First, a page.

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English 212
2002 First Paper
On Serendip

Thinking Sex Paper #1

Nancy Evans

To examine a sub-group in our culture and ultimately spell out how they put sex into language, I thought it might be interesting to choose a fairly small group (50 women; well, 51 if you count D.C.) whose group is designed to be sexy and represent a cultural ideal of sex without actually being able to translate it into language. What section of society, I thought to myself, better represents this kind of a double standard than the 51 women who vie for the Miss America title each year? The idea that Miss America is at once sexy, beautiful, and virginal presents an interesting dichotomy, if one cannot express sexuality in language, how can she portray the level of sexiness America expects of its queen? The answer, it seems, is body language. Everything from dress color to a suggestive Carmen aria, it becomes apparent that among these women, those who will succeed have mastered the art of innocent seduction.
I had originally decided on an entirely different approach to this paper; writing about group I probably have more knowledge and experience dealing with but, procrastinating on a Saturday night, I flipped on the pageant and began taking notes.
The idea behind the Miss America system seems antiquated in itself- pitting young women against each other and measuring them by attractiveness, and their support of a 'platform', an issue she "wholly supports and would pursue as Miss America." The rules of the show seem to dictate a certain level of implied virginity required to be the winner. The young woman must be between the ages of 18-24, she cannot be married, and she may never have had any children. However, how interested is America in watching a nice, wholesome young woman answer questions about the dangers of obesity? Apparently not very interested. In the U.S., at least on television, sex sells. A few years ago, when ratings for the pageant were declining sharply, a movement to get rid of the always-controversial swimsuit competition came to the forefront. The ultimate vote (to keep the bikinis) came from a survey in which a majority of viewers stated they would no longer tune in without swimsuit portion. Instead of nixing the suits, it seems producers ran with the idea that America was ready for a little more sex in the pageant.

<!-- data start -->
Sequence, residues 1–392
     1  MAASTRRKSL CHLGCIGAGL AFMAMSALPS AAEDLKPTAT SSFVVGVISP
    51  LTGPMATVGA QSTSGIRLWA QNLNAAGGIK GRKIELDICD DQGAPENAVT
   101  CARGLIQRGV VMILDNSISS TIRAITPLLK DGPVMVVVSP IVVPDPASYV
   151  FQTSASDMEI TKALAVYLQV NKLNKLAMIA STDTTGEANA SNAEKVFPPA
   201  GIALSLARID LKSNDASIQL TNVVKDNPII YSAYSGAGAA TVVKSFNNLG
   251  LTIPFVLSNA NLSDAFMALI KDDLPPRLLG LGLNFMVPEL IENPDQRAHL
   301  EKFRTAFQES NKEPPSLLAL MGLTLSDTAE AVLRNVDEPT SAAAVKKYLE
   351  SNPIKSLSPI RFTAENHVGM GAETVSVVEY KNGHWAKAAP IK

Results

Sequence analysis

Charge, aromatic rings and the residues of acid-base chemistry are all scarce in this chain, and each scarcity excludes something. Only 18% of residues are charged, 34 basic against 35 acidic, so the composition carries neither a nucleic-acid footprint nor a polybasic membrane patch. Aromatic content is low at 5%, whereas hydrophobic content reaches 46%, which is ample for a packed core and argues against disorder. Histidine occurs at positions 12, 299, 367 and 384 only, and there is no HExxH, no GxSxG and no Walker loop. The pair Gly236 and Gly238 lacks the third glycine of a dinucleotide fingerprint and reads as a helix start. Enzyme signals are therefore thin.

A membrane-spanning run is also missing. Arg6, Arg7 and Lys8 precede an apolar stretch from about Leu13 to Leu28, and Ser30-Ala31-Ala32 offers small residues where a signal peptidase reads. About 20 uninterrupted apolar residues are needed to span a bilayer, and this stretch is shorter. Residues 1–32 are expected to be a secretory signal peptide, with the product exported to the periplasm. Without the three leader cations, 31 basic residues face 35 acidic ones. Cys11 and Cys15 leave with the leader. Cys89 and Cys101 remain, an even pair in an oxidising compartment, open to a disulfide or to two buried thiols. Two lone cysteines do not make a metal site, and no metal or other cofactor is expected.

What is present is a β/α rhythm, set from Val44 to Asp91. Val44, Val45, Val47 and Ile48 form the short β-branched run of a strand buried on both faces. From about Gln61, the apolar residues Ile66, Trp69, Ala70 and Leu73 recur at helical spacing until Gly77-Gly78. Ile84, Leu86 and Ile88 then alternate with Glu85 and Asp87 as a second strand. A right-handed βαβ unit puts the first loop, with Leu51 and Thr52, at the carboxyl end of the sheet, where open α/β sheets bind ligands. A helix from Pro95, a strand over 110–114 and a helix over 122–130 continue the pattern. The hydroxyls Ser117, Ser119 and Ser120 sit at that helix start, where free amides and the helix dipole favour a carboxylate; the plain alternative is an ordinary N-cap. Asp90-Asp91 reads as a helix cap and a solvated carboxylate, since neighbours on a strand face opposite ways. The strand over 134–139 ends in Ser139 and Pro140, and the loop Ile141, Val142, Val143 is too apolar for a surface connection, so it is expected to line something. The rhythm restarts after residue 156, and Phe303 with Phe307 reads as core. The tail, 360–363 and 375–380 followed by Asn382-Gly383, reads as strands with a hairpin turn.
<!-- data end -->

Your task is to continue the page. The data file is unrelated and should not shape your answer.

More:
This year, as the final fifteen competitors paraded in swimsuits and stiletto heels, it became apparent that communicating sex was the common denominator. As fourteen of fifteen contestants sported bikinis (sashaying to the "A Little Less Talk and a Lot More Action") during the competition, the final contestant, wearing a semi-conservative one piece, seemed almost prudish.
What if a contestant did attempt to vocalize an aspect of sexuality? Miss Nevada, a composed, articulate Latina woman wearing a peach colored business suit and sporting a low ponytail, found out during the talent portion of the show. During a tearful rendition of the speech Mathew Shepard's father delivers in the courtroom (from "The Laramie Project"), Miss Nevada emotionally declared, "Mathew was NOT my gay son!" and finished to mediocre applause. Miss Connecticut performed a seductive aria from "Carmen" complete with flowing hair, swaying hips, and a red rose that was sniffed with near orgasmic pleasure before being discarded.
At the end of the night, the new Miss America was crowned in a white gown that was saved from being completely reminiscent of virginity by an excess of cleavage. The runners-up, including Miss Nevada in second-to-last-place, showed no visible signs of disappointment
For a group of women where verbally expressing any kind of sexuality, be it pro-abstinence or even hinting at homosexuality, is detrimental to achieving the collectively sought goal, one must employ other means of communicating sex. When relaying sex is at once required and forbidden, body language and mental cues (i.e. color) serve as vehicles to communicate sexuality. The idea of body language as a type of sexual language is something we have not explored yet. We have heard, many times over, that many of us feel that language is an inadequate way of expressing sexuality, but I think we have been limiting our discussions of 'language' to the spoken word. It was not the idea of writing a paper on the Miss America pageant that intrigued me, but the alternate mode of 'thinking sex' that is just (if not more) effective at producing an unmistakably sexual effect. Body language seems to be a form of sexual expression evident in almost every aspect of life, that is generally accepted and often unnoticed; yet it is effective at parlaying sexual messages without assaulting the reader with unabashed sexual content, and, (at least for the Miss America contestants) assuring some lucky young woman a good chance of supporting twelve pounds of metal and jewels on her head while she cries and trips down the victory runway.

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